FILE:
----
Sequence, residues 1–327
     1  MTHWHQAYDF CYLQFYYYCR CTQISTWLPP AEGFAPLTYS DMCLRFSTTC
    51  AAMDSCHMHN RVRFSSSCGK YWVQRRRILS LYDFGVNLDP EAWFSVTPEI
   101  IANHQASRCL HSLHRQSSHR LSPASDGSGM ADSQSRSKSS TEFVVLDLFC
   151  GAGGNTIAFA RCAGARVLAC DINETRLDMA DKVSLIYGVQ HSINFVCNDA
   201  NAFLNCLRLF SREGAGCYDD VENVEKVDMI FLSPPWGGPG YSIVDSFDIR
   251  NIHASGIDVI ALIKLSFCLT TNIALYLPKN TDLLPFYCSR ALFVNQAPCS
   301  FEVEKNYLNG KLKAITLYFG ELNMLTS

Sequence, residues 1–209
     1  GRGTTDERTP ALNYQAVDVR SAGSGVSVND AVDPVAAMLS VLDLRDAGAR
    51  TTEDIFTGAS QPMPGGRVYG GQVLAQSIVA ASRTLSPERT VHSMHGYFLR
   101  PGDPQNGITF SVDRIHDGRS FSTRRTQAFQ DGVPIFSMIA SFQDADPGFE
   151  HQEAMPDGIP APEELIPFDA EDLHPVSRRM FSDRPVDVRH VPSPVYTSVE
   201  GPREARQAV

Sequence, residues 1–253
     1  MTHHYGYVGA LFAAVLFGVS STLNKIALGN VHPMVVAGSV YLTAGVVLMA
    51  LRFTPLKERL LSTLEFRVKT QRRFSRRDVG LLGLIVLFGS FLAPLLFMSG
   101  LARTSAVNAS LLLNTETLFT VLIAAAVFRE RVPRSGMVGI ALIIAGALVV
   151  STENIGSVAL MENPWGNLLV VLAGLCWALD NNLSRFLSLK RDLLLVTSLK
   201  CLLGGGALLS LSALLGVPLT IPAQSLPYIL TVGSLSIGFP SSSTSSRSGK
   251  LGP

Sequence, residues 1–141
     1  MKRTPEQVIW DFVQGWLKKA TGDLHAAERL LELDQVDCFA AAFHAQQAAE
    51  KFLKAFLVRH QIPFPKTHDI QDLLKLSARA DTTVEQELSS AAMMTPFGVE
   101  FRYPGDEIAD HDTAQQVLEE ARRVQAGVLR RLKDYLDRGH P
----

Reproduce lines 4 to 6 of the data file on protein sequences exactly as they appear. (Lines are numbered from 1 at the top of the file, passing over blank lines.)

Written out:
   101  IANHQASRCL HSLHRQSSHR LSPASDGSGM ADSQSRSKSS TEFVVLDLFC
   151  GAGGNTIAFA RCAGARVLAC DINETRLDMA DKVSLIYGVQ HSINFVCNDA
   201  NAFLNCLRLF SREGAGCYDD VENVEKVDMI FLSPPWGGPG YSIVDSFDIR